In this case, the existence of differences between the various offspring of a goat is itself a known fact. But the accumulation of this difference, generation after generation, over millions of years resulting in a new species known as 'giraffe' is wholly unobservable and unrepeatable. This conclusion has been inferred from observation only; the whole process of mutation developing into a new species has never come under our direct observation.
Exactly the same is true of the subject of religion. One aspect of the study of religion is the study of its history, its personalities, its injunctions, its rites and its rituals. The above division (knowledge of things and knowledge of truths) amounts to a study of the 'things' of religion. In respect of religion, objective information is likewise available. As such, the study of religion too can be done on the basis of direct observations exactly as is done in the study of biological evolution.
The second aspect of the study of religion is what is termed, in general, beliefs pertaining to the unseen world. These are the beliefs that are beyond our known sensory world. That is, the existence of God and the angels, revelation, hell and heaven, etc. In this other aspect of religion direct observations do not exist. The study of religion must, therefore, be done in the light of that logical principle called inference on the basis of observation, that is, the same logical principle which the evolutionists employ in the second aspect of their theory.
Looked at in the light of this principle, both religion and science are at a par. Both have two equally different parts. One part is based on such scientific certainty as permits direct argument. The other part is based on scientific inference, to prove which only the principle of indirect argument may be used. Keeping this logical division before us, we can find no actual difference between the two.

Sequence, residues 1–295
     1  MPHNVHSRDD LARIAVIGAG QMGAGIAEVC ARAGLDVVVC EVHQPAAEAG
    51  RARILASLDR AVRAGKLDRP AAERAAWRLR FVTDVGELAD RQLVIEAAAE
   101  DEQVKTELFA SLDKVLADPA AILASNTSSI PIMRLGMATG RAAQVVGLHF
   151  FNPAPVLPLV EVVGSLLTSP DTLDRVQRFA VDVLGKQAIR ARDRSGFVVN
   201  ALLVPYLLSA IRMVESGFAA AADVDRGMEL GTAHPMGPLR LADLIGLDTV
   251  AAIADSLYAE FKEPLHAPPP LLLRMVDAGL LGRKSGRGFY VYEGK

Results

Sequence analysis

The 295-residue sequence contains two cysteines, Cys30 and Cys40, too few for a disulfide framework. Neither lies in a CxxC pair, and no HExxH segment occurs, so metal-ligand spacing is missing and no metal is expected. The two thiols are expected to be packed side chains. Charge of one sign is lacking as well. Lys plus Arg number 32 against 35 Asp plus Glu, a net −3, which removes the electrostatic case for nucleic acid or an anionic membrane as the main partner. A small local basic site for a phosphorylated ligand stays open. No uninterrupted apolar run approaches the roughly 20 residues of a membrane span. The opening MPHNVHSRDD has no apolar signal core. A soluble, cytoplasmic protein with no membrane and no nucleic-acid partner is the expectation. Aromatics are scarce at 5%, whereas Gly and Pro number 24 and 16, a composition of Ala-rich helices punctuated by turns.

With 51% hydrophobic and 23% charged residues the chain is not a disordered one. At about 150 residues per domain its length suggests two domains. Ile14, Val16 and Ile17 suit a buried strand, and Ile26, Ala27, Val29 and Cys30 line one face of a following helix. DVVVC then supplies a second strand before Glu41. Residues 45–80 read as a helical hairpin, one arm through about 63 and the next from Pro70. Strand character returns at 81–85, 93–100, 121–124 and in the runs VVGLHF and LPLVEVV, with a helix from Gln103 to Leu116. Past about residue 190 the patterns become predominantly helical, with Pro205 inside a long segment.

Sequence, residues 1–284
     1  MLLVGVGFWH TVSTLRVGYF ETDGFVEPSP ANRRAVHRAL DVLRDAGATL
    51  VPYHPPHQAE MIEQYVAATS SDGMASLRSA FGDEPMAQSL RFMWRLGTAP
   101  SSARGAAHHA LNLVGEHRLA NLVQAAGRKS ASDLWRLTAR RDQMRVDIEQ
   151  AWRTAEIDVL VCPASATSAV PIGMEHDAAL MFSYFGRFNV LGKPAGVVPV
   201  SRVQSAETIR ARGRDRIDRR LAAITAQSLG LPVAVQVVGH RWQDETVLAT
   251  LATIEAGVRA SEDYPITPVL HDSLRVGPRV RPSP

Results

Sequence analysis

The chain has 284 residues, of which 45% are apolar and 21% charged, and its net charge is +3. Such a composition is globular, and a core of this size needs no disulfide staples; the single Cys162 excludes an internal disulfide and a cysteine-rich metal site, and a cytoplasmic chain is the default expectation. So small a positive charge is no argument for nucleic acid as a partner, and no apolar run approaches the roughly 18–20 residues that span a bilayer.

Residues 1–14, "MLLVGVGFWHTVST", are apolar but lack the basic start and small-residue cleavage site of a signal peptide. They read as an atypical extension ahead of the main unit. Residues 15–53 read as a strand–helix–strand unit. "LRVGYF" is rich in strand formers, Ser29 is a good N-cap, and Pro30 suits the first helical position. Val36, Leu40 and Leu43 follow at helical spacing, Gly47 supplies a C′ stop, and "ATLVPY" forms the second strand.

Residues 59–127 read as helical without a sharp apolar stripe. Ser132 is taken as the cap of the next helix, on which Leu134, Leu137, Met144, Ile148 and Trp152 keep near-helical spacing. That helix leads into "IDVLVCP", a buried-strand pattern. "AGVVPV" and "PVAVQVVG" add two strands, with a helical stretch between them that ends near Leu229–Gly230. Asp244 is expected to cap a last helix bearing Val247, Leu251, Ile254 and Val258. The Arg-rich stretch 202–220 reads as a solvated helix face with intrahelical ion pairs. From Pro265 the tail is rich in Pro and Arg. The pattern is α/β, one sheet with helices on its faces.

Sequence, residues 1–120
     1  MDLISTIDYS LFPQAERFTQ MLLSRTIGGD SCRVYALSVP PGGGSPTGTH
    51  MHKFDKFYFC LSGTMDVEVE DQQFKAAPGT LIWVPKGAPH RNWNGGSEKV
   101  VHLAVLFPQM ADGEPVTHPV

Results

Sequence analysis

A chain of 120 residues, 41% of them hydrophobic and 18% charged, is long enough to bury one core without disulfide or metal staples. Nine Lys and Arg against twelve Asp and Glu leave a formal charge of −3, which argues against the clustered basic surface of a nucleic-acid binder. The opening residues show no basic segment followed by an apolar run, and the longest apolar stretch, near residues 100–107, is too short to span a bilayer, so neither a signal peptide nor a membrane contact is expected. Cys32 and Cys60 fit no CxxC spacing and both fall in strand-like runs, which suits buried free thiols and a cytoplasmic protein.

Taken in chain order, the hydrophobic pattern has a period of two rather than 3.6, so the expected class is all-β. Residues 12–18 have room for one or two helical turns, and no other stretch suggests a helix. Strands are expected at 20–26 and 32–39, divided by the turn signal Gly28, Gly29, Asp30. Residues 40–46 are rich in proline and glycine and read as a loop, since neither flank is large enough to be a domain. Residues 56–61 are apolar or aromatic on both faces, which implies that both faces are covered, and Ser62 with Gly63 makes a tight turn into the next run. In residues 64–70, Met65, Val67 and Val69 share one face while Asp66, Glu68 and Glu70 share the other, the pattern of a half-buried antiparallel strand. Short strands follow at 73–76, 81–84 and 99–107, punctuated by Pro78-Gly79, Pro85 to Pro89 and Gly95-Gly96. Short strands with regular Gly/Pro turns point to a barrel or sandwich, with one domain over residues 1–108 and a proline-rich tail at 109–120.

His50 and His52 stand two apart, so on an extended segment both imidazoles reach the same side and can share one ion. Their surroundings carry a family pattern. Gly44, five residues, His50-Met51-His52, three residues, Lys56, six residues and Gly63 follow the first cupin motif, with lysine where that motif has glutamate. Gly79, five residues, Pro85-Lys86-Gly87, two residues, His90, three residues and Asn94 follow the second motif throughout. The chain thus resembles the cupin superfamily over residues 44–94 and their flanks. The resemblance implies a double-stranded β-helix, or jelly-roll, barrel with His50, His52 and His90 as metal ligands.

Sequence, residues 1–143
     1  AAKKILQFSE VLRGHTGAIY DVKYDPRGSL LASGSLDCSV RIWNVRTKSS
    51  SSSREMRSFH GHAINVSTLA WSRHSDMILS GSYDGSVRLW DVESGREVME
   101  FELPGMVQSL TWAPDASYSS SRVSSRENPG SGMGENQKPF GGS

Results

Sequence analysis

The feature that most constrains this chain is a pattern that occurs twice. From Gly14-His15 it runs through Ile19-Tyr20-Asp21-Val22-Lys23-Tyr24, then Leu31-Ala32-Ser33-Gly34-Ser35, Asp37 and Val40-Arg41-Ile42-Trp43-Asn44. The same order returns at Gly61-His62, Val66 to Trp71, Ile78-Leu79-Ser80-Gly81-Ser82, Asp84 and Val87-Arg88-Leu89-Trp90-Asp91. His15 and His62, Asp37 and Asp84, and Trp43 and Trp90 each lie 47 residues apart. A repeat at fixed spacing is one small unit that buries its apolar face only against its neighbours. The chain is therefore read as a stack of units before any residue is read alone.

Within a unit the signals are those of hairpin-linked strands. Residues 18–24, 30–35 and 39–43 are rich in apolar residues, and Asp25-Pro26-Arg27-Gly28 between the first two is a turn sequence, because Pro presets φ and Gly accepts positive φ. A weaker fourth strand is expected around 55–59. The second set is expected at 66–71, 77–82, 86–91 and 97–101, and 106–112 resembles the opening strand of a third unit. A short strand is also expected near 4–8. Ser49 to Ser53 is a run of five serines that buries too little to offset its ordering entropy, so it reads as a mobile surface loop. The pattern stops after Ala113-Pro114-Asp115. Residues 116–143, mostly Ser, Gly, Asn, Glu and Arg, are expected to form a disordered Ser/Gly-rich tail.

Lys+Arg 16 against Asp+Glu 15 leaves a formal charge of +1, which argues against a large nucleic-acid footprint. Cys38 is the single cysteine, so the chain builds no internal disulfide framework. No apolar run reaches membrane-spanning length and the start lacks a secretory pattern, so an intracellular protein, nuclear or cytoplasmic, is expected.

The unnecessary apologia for religious uncertainty made by Professor Badham is occasioned by his inability to consider this difference, and his confusing one area of study with another. Making the error of false analogy, he is comparing the first part of science to the second part of religion and looking at the second part of religion in the light of the first part of science. This meaningless comparison is responsible for the ill-considered conclusions he has arrived at in his article.
Had the worthy Professor compared the first part of science to the first part of religion and the second part of science to the second part of the religion, his inferiority complex (as a man of religion) would have ceased to exist. He would have felt that, purely as a matter of principle the wrong parallels had been drawn. The argument used in the first part of science is equally applicable to the first part of religion. Similarly the argument applied to the second part of science is equally applicable to the second part of religion.